“This is an existential issue for Long Island.  There is no Republican or Democratic position. It is about the survival of Long Island’s middle class which sorely depends on this exemption to makes ends meet. The response by Congressmen Peter King and Tom Suozzi not only seeks to protect every Long Island homeowner from this threat, but demonstrates that bipartisanship remains strong on Long Island,” said Kyle Strober, Executive Director, ABLI, a Long Island advocacy organization.


Senator Schumer - LI Is Experiencing Alarming Shortage Of Shingles Vaccine

U.S. Senator Charles Schumer revealed today that Long Island is experiencing an alarming shortage of the Shingles vaccine, that left unsolved, could result in many people getting Shingles or spreading the chickenpox virus to others this winter. 

“To think that in the midst of a shingle shot vaccine shortage across Long Island, that the FDA is shutdown, is a worrisome thought and a problem that must be addressed,” said U.S. Senator Charles Schumer. “The shingle shot shortage across the Island is a two-pronged worry because not only does a shortage mean more people might suffer the painful and harmful shingles virus itself, but it means that young people, particularly babies and children, even those with compromised immune systems who have never had chickenpox themselves, are at a greater risk to communicate the bug. That’s why I am urging the FDA to go above and beyond, to do whatever it can, amidst this needless shutdown and pull out all the stops to step in and help remedy this shortage before it becomes a full-on crisis. And it is why I am, once again, urging the President to see the light here and stop holding agencies that have nothing to do with the debate at hand hostage.”

Schumer, today, publicly pushed emergency FDA staff still working amidst the shutdown to: 

1)      Consider this shortage an emergency.

2)      Step in more directly and work as a go-between between the manufacturer and others to ensure locals know when new shipments will arrive, and how to best publicize the news. 

3)      Expedite any and all regulatory hurdles that might prevent shipments of the already-approved vaccine from making its way to the U.S. as fast as possible.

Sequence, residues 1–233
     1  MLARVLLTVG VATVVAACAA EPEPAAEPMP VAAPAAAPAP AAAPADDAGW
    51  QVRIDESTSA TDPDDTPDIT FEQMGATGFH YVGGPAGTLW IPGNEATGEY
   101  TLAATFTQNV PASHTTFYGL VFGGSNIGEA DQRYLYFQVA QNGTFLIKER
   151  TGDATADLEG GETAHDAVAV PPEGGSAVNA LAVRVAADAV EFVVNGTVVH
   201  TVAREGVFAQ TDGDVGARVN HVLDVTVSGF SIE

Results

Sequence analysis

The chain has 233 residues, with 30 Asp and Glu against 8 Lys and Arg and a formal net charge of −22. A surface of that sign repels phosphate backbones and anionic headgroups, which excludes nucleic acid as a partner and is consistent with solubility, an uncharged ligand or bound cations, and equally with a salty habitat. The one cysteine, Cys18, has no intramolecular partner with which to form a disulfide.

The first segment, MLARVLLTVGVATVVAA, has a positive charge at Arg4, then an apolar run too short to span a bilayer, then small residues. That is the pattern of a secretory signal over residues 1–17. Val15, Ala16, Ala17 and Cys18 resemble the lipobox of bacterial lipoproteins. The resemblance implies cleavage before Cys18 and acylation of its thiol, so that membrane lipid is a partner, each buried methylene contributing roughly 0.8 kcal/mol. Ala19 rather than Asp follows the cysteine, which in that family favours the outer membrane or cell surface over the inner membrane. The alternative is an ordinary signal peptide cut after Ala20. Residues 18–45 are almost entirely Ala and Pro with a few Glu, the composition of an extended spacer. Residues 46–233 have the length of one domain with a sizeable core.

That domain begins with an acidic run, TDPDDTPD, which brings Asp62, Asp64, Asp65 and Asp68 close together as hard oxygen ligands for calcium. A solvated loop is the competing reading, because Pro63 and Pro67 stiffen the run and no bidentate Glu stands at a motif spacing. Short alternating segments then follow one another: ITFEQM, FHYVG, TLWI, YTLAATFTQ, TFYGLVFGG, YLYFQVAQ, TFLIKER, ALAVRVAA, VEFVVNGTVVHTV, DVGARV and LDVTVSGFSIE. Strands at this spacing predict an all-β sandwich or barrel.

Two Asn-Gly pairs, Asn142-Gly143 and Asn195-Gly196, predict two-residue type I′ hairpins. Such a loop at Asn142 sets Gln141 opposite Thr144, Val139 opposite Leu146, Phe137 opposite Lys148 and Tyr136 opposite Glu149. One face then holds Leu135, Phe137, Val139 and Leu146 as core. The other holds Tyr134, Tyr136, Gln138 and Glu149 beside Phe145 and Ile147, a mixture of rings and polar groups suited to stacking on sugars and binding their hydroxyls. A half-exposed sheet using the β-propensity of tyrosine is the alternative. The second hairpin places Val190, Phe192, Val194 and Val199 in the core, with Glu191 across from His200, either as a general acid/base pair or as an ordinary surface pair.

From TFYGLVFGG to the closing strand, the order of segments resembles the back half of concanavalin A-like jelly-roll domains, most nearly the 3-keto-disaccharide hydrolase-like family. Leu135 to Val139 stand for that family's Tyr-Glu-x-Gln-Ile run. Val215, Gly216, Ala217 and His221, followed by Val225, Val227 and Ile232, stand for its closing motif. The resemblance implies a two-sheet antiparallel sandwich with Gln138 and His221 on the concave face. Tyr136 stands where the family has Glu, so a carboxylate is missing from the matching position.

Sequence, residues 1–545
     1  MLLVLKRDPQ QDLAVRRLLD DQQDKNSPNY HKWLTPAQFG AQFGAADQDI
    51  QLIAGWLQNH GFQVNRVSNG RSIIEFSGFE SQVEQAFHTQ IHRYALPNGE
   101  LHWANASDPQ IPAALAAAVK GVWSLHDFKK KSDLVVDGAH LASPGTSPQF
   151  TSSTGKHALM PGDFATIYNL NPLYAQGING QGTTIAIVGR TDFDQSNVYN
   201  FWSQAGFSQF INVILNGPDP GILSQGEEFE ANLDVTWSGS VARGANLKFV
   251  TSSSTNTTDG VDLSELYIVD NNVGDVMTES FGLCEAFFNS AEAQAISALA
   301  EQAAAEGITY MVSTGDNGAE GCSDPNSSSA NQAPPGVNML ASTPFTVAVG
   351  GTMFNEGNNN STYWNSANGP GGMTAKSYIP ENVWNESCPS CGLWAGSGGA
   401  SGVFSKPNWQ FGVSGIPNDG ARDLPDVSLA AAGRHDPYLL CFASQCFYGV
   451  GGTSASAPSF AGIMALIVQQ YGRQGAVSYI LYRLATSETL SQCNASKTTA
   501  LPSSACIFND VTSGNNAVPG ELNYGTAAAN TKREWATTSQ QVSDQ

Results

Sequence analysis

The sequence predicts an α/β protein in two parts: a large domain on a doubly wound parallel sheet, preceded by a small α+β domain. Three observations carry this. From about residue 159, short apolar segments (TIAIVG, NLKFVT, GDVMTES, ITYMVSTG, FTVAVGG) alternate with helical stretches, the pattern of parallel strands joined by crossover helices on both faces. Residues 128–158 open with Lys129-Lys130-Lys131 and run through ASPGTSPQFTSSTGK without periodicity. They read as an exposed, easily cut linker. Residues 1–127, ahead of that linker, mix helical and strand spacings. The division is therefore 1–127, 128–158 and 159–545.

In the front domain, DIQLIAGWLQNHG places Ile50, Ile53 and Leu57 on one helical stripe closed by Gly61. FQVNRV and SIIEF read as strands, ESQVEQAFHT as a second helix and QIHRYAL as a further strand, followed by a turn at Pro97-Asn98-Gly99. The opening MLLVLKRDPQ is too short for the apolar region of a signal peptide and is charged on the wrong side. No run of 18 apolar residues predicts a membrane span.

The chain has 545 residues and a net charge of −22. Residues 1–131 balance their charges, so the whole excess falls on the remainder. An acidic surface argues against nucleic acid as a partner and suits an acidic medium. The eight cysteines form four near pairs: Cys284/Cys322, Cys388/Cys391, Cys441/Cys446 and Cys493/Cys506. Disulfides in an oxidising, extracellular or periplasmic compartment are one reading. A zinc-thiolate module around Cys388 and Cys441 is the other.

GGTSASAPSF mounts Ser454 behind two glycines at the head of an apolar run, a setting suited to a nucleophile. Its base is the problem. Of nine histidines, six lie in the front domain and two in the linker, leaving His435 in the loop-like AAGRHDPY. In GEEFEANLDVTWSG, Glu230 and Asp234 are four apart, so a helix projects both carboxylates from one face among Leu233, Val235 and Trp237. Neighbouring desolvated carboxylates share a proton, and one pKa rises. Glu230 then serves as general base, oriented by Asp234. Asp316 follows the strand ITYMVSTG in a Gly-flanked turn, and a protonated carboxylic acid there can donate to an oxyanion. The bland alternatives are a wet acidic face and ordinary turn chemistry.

4)      Prioritize shingles vaccine shipments to New York and other states with higher populations because the risk of spreading the communicable chickenpox virus which emerges through the shingles virus is highest among populated states, including New York.    

Schumer said that this Shingle shot shortage, being experienced by local and big-name pharmacies across the Island, warrants some of the FDA’s essential agency staff to step in and help remedy the problem with the manufacturer, and most importantly, improve communication with locals who are currently in the dark in terms of when new shipments of the vaccine will arrive locally. The Senator was joined by the Long Island Pharmacy Society, doctors and Long Island residents currently waiting for their Shingles vaccine as he made the case for action. He said this shingle vaccine shortage is a perfect example of why the President should end the shutdown and open the other agencies of the federal government that have nothing to do with paying for a wall.

The Senator and local officials and residents further detailed the impacts of the shortage and the risks as they made the case for the FDA to go above and beyond in helping to rectify the situation.  

The vaccine, Shingrix, approved last year to prevent shingles, has been in high demand since GlaxoSmithKline (GSK), the manufacturer of the vaccine, came out with its shingles vaccine that is 90% effective, while others were much less effective, as low as 40%. There is a shortage of GlaxoSmithKline (GSK) shingles vaccine because not enough was produced to meet the high demand for the uniquely effective vaccine.